Javascript on USA Today

I greatly enjoy USA Today‘s use of JavaScript on its website.

One JavaScript technique found on this site is the hover effect. Each page on the website contains a grid of photos that, when clicked on, lead us to a story. The pictures include the type of story it is (ex: People, Opinion, National), the headline of the story and an image of the people involved in the story. When we scroll the mouse over the picture, the box becomes shaded, and then we can read the byline and description sentence of the story. The technique allows us to learn even more about the story before deciding whether we want to read it or not. Also, the use of photos as a way of capturing attention for a story is really effective and much more visually appealing than simply listing a bunch of headlines in a text format.

Screen shot 2013-11-12 at 3.32.43 PM

In addition, the site uses a sticky navigation bar on both the left and right sides of the container. The navigation bar is a simple arrow pointing left or right. When we hover over the arrow, we can see which section of USA Today we’ll land on once we click. In this sense, the navigation bar reminds me of reading a magazine or newspaper, turning one page after another. The user could scroll to the top of the container and use the navigation bar there instead, but the sticky navigation bar allows us to turn to the next section of the site without having to first scroll all the way back up to the top of the page.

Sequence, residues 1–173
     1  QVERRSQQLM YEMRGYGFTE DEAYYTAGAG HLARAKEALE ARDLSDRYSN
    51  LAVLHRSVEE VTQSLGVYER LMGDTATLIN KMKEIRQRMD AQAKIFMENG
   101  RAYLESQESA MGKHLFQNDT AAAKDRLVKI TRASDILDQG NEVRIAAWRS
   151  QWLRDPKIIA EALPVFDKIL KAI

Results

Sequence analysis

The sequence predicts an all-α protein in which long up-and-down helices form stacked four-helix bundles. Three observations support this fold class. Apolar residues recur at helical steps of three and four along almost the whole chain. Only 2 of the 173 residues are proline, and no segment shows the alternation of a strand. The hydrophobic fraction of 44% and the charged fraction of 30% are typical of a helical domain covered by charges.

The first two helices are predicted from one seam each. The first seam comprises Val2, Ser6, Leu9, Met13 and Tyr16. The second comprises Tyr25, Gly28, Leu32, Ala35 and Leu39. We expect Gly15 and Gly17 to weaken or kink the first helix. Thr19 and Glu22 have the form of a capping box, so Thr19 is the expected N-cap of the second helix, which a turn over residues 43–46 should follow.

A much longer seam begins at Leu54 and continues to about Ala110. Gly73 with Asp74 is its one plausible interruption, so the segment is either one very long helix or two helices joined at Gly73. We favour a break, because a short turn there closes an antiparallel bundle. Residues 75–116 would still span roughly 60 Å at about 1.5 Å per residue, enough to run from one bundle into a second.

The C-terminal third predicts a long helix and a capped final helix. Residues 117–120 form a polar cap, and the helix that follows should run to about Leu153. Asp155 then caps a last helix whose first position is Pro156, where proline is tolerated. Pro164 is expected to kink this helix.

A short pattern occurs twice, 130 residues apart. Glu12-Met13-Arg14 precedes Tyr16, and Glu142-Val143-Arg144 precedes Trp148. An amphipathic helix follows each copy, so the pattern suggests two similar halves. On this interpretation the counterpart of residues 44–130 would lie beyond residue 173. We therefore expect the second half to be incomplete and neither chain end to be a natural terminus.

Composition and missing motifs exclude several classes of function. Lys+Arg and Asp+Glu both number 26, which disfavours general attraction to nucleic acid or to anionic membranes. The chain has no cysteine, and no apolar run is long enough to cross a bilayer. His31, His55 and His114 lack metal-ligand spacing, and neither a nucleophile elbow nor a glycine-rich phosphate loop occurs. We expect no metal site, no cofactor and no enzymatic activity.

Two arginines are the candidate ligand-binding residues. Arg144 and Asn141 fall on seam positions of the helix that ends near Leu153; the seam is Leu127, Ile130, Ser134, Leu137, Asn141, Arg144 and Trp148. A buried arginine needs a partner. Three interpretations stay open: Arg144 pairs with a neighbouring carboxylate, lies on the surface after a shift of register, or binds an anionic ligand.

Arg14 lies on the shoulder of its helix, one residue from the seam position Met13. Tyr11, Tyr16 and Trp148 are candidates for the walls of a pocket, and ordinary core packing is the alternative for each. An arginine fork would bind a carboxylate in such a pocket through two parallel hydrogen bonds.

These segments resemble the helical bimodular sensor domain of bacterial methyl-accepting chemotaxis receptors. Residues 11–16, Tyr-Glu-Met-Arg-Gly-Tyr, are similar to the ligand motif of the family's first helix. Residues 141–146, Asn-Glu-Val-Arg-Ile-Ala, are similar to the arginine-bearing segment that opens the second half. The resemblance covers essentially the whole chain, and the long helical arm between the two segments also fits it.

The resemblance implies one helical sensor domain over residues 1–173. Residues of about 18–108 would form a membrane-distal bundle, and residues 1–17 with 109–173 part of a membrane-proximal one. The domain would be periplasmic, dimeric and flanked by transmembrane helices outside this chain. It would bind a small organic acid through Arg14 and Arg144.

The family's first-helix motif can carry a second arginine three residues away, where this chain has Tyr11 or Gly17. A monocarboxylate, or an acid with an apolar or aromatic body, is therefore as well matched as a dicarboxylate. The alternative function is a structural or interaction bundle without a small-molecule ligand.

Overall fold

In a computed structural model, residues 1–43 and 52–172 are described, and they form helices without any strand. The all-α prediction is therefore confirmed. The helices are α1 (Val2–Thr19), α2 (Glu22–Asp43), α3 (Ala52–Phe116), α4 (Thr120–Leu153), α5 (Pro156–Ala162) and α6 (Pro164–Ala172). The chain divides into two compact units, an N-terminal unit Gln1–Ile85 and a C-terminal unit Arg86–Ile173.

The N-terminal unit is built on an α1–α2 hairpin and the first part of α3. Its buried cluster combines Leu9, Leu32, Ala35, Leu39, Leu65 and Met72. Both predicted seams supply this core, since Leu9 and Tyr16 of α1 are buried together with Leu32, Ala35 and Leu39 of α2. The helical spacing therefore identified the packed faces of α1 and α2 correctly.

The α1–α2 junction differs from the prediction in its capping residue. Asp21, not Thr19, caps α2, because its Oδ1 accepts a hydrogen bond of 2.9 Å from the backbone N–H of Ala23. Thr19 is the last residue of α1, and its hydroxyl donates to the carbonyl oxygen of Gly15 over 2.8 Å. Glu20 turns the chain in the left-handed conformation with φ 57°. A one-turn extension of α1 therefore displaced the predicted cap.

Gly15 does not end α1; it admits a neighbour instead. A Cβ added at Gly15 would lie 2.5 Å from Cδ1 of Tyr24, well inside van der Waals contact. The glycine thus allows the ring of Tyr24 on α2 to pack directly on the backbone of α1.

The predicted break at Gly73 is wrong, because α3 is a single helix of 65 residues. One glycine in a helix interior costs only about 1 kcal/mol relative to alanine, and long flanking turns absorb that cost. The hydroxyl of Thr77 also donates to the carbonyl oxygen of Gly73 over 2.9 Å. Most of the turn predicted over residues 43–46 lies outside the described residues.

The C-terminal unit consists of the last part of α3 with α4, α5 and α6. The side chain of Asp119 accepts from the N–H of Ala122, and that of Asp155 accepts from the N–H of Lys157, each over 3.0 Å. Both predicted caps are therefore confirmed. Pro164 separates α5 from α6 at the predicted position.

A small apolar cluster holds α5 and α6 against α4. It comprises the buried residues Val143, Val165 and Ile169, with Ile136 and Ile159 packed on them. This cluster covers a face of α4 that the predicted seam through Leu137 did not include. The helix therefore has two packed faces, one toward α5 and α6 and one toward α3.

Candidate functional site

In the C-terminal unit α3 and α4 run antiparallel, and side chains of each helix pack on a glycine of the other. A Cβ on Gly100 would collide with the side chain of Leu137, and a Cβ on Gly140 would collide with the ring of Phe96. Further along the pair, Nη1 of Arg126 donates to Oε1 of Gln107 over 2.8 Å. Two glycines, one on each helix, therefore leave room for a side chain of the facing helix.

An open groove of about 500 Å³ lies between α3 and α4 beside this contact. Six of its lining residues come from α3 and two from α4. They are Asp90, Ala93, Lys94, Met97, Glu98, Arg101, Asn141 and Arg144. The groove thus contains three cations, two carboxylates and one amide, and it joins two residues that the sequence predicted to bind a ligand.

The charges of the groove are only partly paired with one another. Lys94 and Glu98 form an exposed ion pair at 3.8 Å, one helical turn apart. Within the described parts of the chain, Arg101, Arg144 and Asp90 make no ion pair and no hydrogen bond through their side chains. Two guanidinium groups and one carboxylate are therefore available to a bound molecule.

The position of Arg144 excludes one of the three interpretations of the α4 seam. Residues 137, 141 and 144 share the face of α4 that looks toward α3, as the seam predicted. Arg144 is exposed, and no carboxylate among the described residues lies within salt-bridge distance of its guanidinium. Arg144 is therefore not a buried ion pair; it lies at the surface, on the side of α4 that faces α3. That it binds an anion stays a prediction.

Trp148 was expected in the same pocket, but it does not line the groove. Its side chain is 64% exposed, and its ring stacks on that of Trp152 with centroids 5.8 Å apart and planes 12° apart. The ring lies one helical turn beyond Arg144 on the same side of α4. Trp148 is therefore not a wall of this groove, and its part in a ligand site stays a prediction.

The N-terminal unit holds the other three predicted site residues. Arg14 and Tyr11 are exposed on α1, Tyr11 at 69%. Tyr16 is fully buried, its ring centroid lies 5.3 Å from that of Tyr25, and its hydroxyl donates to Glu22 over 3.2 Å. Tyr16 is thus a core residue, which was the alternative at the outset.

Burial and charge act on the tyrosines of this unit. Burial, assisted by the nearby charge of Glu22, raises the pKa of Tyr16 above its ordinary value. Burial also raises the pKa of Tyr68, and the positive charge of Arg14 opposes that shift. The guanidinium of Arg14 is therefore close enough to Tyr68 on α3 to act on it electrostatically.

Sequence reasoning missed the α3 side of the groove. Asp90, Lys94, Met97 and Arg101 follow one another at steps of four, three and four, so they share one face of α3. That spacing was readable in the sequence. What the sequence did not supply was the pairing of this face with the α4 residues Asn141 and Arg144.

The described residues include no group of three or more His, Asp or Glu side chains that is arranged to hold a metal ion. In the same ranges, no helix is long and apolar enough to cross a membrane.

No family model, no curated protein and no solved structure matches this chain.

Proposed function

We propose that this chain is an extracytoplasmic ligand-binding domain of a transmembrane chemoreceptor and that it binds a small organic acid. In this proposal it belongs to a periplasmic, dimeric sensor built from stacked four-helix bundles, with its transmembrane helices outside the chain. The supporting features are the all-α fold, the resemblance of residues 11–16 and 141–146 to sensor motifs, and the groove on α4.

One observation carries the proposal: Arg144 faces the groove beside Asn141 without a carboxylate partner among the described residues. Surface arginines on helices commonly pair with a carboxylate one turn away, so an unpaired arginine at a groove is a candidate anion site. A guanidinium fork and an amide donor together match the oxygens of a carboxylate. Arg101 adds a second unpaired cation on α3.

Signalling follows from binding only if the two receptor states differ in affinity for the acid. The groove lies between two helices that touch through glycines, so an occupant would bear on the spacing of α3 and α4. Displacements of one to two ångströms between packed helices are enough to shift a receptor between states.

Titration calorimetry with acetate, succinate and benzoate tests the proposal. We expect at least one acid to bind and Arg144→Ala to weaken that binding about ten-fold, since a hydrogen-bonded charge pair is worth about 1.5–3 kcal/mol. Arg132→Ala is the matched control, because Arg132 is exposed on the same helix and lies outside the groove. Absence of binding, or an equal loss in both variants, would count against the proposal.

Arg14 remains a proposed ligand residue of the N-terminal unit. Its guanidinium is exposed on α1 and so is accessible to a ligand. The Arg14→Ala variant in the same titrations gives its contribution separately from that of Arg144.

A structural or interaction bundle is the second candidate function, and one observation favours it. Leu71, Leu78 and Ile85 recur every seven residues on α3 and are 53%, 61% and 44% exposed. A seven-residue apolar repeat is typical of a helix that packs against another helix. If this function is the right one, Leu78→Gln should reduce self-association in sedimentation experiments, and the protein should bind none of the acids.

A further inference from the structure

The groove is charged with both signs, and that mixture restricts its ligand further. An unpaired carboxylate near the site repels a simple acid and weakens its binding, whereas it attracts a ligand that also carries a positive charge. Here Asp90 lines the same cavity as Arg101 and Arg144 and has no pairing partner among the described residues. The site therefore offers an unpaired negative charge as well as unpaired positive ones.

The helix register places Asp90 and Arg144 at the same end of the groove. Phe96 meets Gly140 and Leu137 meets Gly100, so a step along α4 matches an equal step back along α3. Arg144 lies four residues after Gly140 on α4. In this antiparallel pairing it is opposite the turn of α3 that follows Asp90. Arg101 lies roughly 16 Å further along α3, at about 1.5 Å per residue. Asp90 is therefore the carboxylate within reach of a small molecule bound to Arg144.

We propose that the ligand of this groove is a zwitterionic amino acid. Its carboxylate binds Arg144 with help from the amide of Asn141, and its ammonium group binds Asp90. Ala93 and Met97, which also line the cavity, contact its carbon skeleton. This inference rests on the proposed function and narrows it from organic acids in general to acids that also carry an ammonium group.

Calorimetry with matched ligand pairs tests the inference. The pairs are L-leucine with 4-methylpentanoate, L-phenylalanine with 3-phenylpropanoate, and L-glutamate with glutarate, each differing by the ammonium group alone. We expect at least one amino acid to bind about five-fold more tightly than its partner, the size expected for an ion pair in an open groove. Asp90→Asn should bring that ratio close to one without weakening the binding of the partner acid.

Just about every page includes a  slide show, as well. Users can flip through pictures and decide which ones they want to look at and which ones they don’t. And not only can the users click on the small side arrows to get to the next photos, but they can also look at the bar across the bottom and simply click on a photo there to see a larger version of the picture. They don’t have to click on a slideshow and then wait for the slideshow to end before moving on to something else.

Screen shot 2013-11-12 at 3.33.57 PM

I feel as though the USA Today website caters to the wants and needs of its users. The site makes it easier for us to choose which content we would like to view. JavaScript serves a great purpose for


One response to “Javascript on USA Today

  1. I really like this site. It’s user friendly. It’s nice to have the shade come up when hovering on the grids. The tiny label at the upper left corner is very informational. Having two sticky nav helps users easily go to wherever they want whenever, instead of scrolling all the way up.

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